Salman Rushdie’s post-modern take on Miguel de Cervantes’ 16th century classic, Don Quixote, is comic, calculated and poignant in equal measures. It nods to the original but paradoxically remains distinctively modern, with the issues affecting contemporary US society taking centre stage: the opioid crisis, consumerism, pharmaceutical corruption and racism.
It is also a tour-de-force of pop culture, literary allusions and genre. Cultural references adorn nearly every page: from Alice in Wonderland to Oprah, American Idol and Madonna, Sonny Liston and Elvis. Through the main character Quichotte – a fictional creation of failed spy thriller writer, Sam Duchamp – Rushdie satirises America’s infatuation with junk culture and laments its damaging effect on the public psyche. A travelling salesman, Quichotte – formerly Ismail Smile – spends long hours watching reality TV in cheap hotels, falls in love with chat-show host, Salma R, and sets out on a long road-trip quest to purify himself before uniting with his ‘beloved’. Along the way, he dreams up an imaginary son, Sancho, battles mastodons, experiences small-town xenophobia and confronts his forgotten past.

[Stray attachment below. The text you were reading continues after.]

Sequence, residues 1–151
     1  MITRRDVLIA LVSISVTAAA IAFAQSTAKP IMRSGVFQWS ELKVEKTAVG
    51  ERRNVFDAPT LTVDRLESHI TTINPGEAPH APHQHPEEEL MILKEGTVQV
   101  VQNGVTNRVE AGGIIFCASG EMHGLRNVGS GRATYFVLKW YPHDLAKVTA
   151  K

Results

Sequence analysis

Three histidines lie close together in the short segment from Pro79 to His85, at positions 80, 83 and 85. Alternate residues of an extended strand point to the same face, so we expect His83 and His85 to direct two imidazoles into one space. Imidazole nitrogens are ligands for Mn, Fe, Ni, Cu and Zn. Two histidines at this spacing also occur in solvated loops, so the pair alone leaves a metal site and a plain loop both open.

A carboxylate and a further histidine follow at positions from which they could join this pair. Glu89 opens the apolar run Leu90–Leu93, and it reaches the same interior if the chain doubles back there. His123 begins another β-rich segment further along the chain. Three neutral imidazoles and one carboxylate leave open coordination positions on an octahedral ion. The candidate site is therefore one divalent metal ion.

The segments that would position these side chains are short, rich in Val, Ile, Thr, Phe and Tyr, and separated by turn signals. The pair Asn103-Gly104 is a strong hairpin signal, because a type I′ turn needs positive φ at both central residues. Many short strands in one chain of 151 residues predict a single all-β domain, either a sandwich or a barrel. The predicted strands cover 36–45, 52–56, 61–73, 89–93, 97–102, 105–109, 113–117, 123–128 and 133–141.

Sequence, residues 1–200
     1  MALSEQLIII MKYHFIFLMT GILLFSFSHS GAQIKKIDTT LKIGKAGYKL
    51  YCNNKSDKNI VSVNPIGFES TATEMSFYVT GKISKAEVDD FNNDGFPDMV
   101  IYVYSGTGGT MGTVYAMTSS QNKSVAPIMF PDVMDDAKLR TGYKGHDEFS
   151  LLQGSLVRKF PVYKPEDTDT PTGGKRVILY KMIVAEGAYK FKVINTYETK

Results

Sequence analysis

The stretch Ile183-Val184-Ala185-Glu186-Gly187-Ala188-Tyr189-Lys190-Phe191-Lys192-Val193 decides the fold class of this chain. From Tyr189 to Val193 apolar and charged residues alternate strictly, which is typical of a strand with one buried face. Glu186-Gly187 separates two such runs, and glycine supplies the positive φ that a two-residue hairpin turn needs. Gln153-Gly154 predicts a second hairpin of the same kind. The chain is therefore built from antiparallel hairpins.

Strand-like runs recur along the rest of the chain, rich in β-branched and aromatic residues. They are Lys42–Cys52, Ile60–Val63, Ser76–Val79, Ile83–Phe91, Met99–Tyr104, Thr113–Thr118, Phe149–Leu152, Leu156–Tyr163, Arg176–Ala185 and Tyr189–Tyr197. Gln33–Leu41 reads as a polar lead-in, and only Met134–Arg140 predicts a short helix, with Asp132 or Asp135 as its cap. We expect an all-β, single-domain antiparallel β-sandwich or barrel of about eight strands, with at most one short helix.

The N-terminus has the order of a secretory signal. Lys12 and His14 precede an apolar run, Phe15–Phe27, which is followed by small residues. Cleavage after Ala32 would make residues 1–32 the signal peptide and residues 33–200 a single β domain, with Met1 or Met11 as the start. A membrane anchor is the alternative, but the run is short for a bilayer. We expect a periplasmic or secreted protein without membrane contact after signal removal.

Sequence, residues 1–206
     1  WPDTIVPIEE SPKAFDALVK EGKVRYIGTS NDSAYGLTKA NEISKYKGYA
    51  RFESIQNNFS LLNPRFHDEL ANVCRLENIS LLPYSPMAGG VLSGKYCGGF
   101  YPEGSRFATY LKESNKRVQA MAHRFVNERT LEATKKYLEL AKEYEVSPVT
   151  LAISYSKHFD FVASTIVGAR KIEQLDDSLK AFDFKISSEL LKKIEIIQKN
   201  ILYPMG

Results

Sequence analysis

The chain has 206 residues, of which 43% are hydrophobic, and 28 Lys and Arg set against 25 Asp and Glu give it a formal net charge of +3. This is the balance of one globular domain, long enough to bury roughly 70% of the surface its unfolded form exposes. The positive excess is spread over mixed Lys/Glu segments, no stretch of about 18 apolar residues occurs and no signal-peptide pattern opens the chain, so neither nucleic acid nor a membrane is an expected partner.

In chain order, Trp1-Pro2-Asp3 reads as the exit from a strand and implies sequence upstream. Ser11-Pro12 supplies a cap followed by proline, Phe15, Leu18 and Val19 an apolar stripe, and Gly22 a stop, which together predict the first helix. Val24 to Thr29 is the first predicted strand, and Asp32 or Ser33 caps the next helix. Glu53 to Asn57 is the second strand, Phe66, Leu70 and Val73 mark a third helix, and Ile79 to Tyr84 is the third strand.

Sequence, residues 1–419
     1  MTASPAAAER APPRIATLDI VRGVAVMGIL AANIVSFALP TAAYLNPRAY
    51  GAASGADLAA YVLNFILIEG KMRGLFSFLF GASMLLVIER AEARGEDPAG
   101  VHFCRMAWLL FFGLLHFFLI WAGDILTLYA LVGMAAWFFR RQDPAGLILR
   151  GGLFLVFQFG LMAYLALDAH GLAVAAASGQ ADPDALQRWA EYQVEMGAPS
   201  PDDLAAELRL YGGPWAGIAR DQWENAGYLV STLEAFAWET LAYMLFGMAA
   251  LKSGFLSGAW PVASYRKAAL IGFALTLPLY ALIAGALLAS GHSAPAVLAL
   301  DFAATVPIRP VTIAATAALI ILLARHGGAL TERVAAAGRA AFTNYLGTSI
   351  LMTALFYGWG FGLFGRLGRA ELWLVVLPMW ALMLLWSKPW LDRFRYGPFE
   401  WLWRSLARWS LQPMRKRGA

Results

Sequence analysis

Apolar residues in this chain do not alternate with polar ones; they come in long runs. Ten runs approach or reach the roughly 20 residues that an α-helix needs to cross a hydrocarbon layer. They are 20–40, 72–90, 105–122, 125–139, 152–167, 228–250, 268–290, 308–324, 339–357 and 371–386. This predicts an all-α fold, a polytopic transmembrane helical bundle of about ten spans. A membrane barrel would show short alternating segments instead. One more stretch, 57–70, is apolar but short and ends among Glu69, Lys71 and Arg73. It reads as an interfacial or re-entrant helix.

As aforementioned, Quichotte is a story within a story; a few chapters in the reader is introduced to Sam, who, disillusioned with his literary output, is attempting to write his magnus opus. Yet we are also given the perspective of Sancho, Salma R and Sam’s sister, just to confuse things further. While the layered structure appears quite disjointed in the first half of the novel, the second seems to work considerably better. The clear demarcation between author-character becomes increasingly distorted, and we begin to question what is fact and what is fiction: arguably one of meta-fiction key aims. As Rushdie settles in to his groove the connections between Sam and Quichotte’s worlds appear ever closer.
“AS I PLAN MY QUEST,” Quichotte said, drinking from a can of ginger ale, “I ponder the contemporary period as well as the classical. And by the contemporary I mean, of course, The Bachelorette”.
For me, the text deliberated effectively on the connection between author and their output, and recalled memories of studying Roland Barthes’ ‘Death of the Author’ theory in university. Rushdie’s interest in how myth permeates society and the boundary between fiction/non-fiction makes Quichotte a topical work in the post-truth world.